Refugees from the Tigray region of Ethiopia wait to register at the United Nations High Commissioner for Refugees in Hamdayet, Sudan, on Nov. 14.(Marwan Ali / Associated Press)
NAIROBI, Kenya — The call from Ethiopia’s capital was grim. Four hundred and fifty miles north in the region of Tigray, Hiwot Araya’s hometown was about to be besieged.
The regional government — the Tigray People’s Liberation Front — had placed a tank outside the city, camouflaged in green. Ten buses had arrived to bus residents of Tigrayan ethnicity to safety, leaving thousands of worried residents behind.
If the man’s reports are true, “the government from Tigray is planning to burn the whole city today,” Hiwot told the Los Angeles Times. Rumors from the war zone are impossible to independently confirm. But Hiwot, a 31-year-old mother of two who fled to neighboring Kenya after her husband was killed by the TPLF four years ago, said she fears a similar fate could befall her uncle, her aunt and millions of others who find themselves caught in the crossfire in an emerging civil war between Ethiopia’s military and a well-armed adversary.
Read the full feature story at the Los Angeles Times. Reporting for this article was supported by a grant from the Pulitzer Center on Crisis Reporting.
As dawn breaks, nine Kenya Wildlife Service rangers dressed in camouflage and brandishing rifles assemble at an airstrip. They are equipped with a Cessna, a helicopter, and a caravan of Toyota Land Cruisers and other SUVs. Their mission: find, tranquilize, and collar Tsavo’s savanna elephants to see how well they traverse a new rail line that has recently split their habitat in two. It is the first time in history that elephants are being collared specifically to study how they interact with human infrastructure.
Uncertainty over land ownership is playing out across Haiti as the country attempts to attract foreign investment in tourism, mining, manufacturing, and agriculture—often without clear knowledge of who, precisely, owns what.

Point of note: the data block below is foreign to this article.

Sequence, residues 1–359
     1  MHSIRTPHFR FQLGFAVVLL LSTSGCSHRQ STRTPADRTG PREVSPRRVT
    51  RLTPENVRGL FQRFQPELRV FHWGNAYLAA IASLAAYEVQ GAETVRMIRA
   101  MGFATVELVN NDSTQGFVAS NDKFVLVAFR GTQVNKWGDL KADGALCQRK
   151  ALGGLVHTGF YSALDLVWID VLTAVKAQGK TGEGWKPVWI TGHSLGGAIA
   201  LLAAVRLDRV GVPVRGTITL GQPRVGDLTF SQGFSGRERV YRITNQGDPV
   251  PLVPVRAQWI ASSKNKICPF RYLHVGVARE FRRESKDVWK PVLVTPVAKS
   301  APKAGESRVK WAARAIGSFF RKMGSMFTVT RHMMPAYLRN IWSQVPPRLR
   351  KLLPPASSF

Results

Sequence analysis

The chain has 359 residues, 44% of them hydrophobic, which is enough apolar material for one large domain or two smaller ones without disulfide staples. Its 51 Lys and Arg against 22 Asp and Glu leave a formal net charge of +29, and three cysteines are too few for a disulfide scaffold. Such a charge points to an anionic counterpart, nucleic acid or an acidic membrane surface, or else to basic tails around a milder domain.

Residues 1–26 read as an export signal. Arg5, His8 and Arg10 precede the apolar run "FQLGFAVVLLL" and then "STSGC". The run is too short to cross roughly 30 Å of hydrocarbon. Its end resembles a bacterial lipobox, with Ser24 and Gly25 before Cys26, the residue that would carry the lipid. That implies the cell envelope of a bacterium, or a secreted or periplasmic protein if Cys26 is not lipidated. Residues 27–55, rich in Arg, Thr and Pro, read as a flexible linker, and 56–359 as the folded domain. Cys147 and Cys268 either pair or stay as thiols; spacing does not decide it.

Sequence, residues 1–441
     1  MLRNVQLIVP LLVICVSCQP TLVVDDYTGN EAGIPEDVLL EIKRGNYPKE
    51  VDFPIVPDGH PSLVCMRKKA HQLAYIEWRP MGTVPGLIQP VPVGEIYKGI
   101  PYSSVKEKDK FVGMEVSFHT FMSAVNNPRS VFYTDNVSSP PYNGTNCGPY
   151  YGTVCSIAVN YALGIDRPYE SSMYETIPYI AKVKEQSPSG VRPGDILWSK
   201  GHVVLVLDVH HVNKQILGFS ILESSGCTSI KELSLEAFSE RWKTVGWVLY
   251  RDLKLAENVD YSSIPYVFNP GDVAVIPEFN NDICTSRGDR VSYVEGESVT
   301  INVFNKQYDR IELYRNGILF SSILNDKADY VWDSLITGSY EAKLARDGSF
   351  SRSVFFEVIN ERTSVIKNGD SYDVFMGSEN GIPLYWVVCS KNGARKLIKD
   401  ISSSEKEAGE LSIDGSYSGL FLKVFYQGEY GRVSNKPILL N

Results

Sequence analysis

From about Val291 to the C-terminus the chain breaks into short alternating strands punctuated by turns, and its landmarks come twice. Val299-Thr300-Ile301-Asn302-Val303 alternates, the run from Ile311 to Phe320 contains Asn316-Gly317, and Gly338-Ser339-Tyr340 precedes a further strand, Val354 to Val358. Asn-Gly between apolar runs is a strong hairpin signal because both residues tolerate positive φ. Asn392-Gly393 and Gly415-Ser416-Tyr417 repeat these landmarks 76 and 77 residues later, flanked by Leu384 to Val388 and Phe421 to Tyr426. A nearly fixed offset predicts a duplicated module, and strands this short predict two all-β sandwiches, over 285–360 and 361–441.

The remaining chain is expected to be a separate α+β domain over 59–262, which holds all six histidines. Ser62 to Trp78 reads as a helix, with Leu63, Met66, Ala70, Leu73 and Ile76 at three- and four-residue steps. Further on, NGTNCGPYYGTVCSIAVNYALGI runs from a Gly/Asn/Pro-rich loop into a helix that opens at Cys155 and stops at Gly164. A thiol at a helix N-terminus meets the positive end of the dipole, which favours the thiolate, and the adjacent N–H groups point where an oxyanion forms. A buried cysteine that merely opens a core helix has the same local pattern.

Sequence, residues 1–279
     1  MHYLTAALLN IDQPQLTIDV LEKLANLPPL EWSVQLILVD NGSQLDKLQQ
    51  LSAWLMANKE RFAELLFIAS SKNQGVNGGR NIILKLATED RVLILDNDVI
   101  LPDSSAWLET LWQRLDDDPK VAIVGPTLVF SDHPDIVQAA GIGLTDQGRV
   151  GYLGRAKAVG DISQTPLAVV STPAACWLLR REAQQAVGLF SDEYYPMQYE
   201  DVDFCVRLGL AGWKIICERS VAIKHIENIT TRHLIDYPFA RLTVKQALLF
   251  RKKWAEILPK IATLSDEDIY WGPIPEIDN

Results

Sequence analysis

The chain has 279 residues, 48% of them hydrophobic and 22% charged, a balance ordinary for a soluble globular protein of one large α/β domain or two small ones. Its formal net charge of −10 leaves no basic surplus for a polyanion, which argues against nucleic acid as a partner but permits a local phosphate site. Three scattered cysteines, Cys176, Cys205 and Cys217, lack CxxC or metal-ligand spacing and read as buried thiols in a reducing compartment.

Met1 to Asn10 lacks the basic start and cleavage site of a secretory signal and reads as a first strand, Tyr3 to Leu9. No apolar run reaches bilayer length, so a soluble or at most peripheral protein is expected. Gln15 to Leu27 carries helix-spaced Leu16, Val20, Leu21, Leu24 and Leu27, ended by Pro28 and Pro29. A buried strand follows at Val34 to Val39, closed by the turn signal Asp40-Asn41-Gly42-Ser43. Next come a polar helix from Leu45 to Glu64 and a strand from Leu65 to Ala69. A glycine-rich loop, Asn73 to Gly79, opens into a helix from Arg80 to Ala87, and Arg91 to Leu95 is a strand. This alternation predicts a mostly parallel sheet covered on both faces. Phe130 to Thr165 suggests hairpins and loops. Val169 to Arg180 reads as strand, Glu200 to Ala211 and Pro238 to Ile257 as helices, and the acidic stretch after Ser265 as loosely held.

After Uganda passed what became known as the “kill the gays” bill, hundreds of LGBT Ugandans began fleeing across the border to Kenya, where they lived in hiding while applying for asylum—but a few Kenyans, like Lucas, fled in the other direction.
“God has a book of life,” Mugisa told his worshipers. “He remembers your name. But to be written in this book you need to do good.” Mugisa turned to his congregants. “Mulondo, Lujja, Kasule, Nansamba: You want to be able to say, ‘God, I served you when I was in Kakuma camp.’ You want to be able to say, ‘I served you in Uganda. Remember me. This is what I have done, remember me.'”
Mugisa glanced around his congregation of LGBT worshipers, catching the eyes of a few of them. Unable to ignore the trepidation on their faces, he comforted them. “Trust me—one day we will be out of this place.”
Just a few years ago, Kampala was a nightmare for LGBTQ Ugandans, some of whom were beaten and stripped in the streets, chased by angry mobs or jailed.
But you wouldn’t guess that from the relaxed atmosphere at Cayenne on Kampala’s north side. Few people seem to notice the transgender woman dancing by the pool, and if they do, they don’t seem to care.
Javan is tall and has a face that’s hard to read, punctuated by a small stud on the left side of her nose. She moves her elbows and shoulders like most men but her hips like most women. She belongs to a generation of queer Ugandans barely old enough to remember when the antigay fever first erupted here, in 2009.
Biologists Could Soon Resurrect Extinct Species. But Should They?
“Until we make space for other species on Earth, it won’t matter how many animals we resurrect,” writes M.R. O’Connor in her book Resurrection Science. “There won’t be many places left for them to exist.”
“Paradoxically, the more we intervene to save species, the less wild they often become.”
Haiti’s earthquake shattered several cities, but it also birthed another. A place with space for the dead is a place with space for the living. And in post-earthquake Haiti, space was in short supply. Called Canaan, after the biblical holy land, a place defined by death has come alive.
In 2007, the Bill & Melinda Gates Foundation said it was committed to eradicating malaria across the globe.
It was late to the game. That year, Chinese scientists working with a Chinese philanthropist had already begun eradicating malaria from the small African nation of Comoros. Now they’re setting their sights on a more ambitious location: Kenya, the East African nation of nearly 50 million people.
Meet Fathom, the world’s first-ever cruise line for vacationers who don’t just want to do beaches, spas, and shopping, but to do good. Fathom exists to make money, but it also exists to fill a growing demand in the global-tourism industry: “voluntourism,” calling its program “impact+travel.”
Kenya has become a safe haven for scores of refugees fleeing war and famine in neighboring countries. But that sense of sanctuary doesn’t always stand true if you’re young, vulnerable and gay. In secret hideaways and temporary homes, LGBT refugees are being forced yet again to hide their true selves.